Business climate worsens
As negotiations between the Greek government and the EU/IMF have reached a stalemate following Athens’s outright dismissal of a new bailout offer from its creditors, time is running out for a much needed agreement in order to stave off bankruptcy. A situation which has worsened following a decision by Prime Minister Alexis Tsipras not to go ahead with a EUR 335 mln payment to the International Monetary Fund due last Friday (June 5). Instead, Greece invoked a little used option, last taken by Zambia in the 1970s, to defer that payment and three others totalling EUR 1.6 bln until the end of the month.
But according to reliable banking sources in Athens it is believed that the Greek Treasury will not have enough money at the end of June to pay both the IMF and state employees’ salaries and pensions, thus bringing the country closer to bankruptcy, a situation which now seems very real as the far left Syriza-led coalition government steadfastly refuses to agree to a new set of economic and administrative reforms, which, however, is conditional for the EU/IMF to extend the present agreement and unlock EUR 7.2 bln of bailout funds that Greece desperately needs.
Although Greek government sources claim that the non-payment of the 300 mln IMF tranche was a political decision, as the money was available, and it should be seen more as a negotiating tactic, markets interpreted this move as a step closer towards the imposition of capital controls, exactly as it happened in Cyprus in March 2013, and hence sent stocks tumbling on the Athens Exchange. Even worse off are the banks which are fast running out of cash as depositors are withdrawing money out of their accounts on a daily basis. So far, the Greek banking system has remained afloat thanks to generous ELA transfers from the European Central Bank (ECB). According to banking sources, more than EUR 3.0 bln have been withdrawn by nervous clients over the last two weeks with total deposits now standing at record low of EUR 128 bln, with 20 bln alone having been withdrawn since January this year. Bank of Greece figures show that this is the lowest level of deposits the country has seen in 11 years. The capital flight started last October, when deposits stood at EUR 164 bln, when it became clear that the country was heading for early elections and an uncharted political landscape.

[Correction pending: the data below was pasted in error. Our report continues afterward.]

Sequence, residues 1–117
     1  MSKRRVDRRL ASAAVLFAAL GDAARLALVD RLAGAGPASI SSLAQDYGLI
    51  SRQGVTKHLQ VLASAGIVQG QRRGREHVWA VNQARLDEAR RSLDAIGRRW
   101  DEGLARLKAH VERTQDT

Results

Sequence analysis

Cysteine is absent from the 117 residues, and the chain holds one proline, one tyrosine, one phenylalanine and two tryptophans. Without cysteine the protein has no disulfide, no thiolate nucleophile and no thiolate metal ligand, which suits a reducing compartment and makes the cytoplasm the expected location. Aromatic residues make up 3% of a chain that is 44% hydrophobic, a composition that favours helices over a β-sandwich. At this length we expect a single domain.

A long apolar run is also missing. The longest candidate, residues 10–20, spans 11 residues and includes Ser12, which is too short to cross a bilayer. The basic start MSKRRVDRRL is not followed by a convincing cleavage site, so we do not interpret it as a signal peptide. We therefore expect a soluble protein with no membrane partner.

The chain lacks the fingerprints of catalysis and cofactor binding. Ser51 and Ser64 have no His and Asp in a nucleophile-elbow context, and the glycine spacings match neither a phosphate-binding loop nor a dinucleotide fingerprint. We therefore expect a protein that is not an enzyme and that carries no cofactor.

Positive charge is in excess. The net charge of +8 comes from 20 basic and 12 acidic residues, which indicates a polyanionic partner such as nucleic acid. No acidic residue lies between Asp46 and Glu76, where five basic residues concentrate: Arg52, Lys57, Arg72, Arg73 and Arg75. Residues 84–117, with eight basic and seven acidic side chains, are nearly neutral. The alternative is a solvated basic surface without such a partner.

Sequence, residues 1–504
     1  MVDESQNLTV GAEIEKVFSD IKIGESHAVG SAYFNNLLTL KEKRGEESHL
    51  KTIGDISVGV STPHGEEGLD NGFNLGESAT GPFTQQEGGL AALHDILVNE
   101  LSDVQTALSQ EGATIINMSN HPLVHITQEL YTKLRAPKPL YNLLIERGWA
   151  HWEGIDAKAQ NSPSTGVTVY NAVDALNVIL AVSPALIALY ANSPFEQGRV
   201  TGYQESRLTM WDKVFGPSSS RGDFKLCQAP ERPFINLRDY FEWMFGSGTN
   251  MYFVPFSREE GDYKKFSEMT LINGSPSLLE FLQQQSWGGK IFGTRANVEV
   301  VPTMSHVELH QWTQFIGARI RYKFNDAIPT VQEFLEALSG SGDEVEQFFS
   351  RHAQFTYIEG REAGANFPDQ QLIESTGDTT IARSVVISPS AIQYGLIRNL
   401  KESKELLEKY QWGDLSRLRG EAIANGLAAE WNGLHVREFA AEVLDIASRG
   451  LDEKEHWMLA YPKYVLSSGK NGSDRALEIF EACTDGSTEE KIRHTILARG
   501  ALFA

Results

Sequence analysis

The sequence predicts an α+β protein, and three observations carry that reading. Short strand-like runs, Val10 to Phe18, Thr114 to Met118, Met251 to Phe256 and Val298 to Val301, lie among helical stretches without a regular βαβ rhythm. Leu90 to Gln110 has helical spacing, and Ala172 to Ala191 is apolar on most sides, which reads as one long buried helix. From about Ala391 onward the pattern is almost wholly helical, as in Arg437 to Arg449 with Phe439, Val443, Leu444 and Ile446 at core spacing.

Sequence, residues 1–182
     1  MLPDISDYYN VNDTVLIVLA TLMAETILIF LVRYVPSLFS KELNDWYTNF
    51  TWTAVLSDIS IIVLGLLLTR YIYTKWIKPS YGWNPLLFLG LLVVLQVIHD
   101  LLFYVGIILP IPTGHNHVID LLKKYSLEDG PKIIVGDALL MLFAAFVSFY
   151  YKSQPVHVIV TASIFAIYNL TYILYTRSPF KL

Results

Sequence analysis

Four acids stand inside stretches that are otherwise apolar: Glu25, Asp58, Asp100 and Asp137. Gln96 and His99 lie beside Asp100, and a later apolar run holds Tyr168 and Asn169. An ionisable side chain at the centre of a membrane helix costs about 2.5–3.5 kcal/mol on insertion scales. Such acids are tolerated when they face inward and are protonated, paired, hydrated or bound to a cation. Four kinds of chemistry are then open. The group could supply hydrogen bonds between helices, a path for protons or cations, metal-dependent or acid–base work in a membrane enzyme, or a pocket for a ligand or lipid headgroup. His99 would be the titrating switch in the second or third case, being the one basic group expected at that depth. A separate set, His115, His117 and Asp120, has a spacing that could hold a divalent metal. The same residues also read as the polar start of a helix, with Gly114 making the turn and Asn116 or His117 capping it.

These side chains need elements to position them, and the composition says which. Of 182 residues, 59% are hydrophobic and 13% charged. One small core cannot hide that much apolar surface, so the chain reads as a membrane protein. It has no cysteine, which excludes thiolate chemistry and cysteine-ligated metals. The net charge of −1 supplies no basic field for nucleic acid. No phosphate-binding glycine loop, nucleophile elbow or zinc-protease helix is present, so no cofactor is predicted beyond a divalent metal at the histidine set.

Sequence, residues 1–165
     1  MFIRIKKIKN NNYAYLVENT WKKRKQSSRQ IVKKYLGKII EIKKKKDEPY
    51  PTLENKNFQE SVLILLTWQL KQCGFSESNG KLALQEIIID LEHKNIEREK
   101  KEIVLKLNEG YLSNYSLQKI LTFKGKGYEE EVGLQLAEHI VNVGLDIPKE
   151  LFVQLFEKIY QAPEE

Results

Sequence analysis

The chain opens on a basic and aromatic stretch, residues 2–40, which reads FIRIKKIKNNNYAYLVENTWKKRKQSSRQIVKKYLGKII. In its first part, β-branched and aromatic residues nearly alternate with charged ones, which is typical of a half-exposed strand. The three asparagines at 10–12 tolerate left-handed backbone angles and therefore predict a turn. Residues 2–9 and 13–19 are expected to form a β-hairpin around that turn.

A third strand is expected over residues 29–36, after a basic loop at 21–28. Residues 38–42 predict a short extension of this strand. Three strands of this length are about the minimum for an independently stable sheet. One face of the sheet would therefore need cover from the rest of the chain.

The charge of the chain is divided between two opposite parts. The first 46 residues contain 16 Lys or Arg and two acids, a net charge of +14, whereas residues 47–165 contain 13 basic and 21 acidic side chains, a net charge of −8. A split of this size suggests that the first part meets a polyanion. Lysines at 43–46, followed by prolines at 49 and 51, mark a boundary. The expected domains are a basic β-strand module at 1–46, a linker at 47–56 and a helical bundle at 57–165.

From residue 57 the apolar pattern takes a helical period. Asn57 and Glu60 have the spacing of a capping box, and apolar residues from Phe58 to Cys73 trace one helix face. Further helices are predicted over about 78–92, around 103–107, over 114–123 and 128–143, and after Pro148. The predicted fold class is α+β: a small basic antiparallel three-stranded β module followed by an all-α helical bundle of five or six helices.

But growing political and economic uncertainty, and lack of liquidity in the banking sector have pushed private companies to their limits as most of them are trying to preserve cash and are constantly postponing key management decisions. This has brought business activity to a standstill as cash flows have dwindled with many companies unable to pay salaries and social insurance due at the end of the month. A climate of acute uncertainty and despair is evident among most companies, mainly affecting the industrial and services sectors, while those active in tourism and agriculture appear to be slightly better off. The country seems to be at the mercy of public sector trade unions which until now have dissuaded a succession of Greek governments from implementing much needed reforms in the pension system, public administration and the energy market. With many Syriza MPs coming from trade unions, the government looks determined to protect the current system to the detriment of the private sector which has suffered 1.3 mln job losses over the last five years, while public sector employees – nearly 700,000 of them – are immune to any form of redundancy or loss of employment.